2. vao

      Take any economics textbook. In my days, the Samuelson was the standard, nowadays it seems to be the Mankiw — but any such opus by other less well-known authors, or from other countries (France, Germany, etc) will do.

      Open the book at the chapter on the law of supply and demand. Try to find a graph of empirically observed curves of supply and demand illustrating the explanations. There are none. Just abstract charts, devoid of scales, showing perfectly smooth curves.

      Open at the chapter on the firm’s supply curve, with all the explanations about optimization wrt marginal cost, average price, etc. Not a single piece of empirical data. Same thing: only “theoretical” curves.

      Open at the chapter on IS-LM. Not a single actual IS-LM plot for any country. Again, only abstract sketches.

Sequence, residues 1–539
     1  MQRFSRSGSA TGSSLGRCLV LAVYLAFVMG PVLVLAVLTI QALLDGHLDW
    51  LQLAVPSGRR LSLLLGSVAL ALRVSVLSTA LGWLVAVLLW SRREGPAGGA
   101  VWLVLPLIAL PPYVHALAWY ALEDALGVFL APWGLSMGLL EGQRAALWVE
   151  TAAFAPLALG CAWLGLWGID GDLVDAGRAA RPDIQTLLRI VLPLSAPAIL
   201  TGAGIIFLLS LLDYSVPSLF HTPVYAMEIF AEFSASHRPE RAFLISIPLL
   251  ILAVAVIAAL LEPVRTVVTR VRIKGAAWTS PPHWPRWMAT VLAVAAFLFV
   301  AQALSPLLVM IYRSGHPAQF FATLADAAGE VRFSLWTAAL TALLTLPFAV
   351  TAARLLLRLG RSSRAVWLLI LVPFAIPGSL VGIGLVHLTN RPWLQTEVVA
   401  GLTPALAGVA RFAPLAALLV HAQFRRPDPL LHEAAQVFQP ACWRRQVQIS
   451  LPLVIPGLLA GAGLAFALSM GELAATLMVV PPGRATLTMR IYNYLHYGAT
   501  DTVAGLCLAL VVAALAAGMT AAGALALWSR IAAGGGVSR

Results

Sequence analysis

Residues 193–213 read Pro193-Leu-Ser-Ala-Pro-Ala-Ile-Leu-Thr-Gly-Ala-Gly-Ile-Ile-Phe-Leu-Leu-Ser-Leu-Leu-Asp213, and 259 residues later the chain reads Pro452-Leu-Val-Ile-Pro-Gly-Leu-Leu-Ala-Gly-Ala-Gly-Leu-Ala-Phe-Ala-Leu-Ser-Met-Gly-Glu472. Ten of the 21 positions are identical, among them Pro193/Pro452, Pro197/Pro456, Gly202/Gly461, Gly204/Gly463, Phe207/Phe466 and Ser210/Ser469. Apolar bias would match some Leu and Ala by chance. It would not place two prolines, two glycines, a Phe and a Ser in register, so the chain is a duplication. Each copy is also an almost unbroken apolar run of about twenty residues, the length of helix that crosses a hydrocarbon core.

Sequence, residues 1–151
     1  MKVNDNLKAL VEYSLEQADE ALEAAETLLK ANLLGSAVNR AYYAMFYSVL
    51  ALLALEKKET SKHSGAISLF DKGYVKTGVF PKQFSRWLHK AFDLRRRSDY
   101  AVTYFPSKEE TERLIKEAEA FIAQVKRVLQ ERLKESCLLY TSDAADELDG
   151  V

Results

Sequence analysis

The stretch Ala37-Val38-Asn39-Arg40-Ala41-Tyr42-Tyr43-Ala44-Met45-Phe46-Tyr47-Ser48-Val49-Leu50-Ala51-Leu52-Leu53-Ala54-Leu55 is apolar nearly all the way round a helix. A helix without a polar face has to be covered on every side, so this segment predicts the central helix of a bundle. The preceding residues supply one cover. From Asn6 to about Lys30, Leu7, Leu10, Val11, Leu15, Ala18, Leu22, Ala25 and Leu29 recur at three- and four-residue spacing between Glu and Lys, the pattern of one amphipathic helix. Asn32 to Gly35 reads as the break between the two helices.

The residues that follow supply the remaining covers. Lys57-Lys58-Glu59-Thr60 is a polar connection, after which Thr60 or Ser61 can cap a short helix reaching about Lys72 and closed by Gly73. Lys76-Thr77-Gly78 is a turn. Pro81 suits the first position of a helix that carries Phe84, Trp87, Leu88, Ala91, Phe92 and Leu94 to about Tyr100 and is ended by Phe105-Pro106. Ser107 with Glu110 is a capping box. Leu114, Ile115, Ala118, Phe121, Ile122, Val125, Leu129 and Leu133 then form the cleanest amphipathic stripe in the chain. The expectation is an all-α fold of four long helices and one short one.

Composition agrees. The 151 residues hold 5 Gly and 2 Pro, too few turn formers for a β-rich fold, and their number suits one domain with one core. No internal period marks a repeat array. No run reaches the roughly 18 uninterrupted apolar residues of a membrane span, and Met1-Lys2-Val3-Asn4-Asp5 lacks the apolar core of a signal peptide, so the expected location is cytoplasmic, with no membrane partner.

And so on, and so forth.

      Elaborating such empirical graphs might be tedious — gathering and sifting through data generally is — but it is a trivial endeavor. After all, all the data are there. They need not even be recent. Just ask some exchange (copper, cotton, corn, whatever) for anonymized data from a day of their choice. Or look at the historical data series for the tulip market in Holland. Look into the archives of a, possibly defunct, corporation. Look into the decades-long-running series about GDP, interest rates and unemployment compiled by the statistical office of a country of interest.

      And then compute the damn curves and depict them.

      But no. Never will mainstream economists do that. Ever.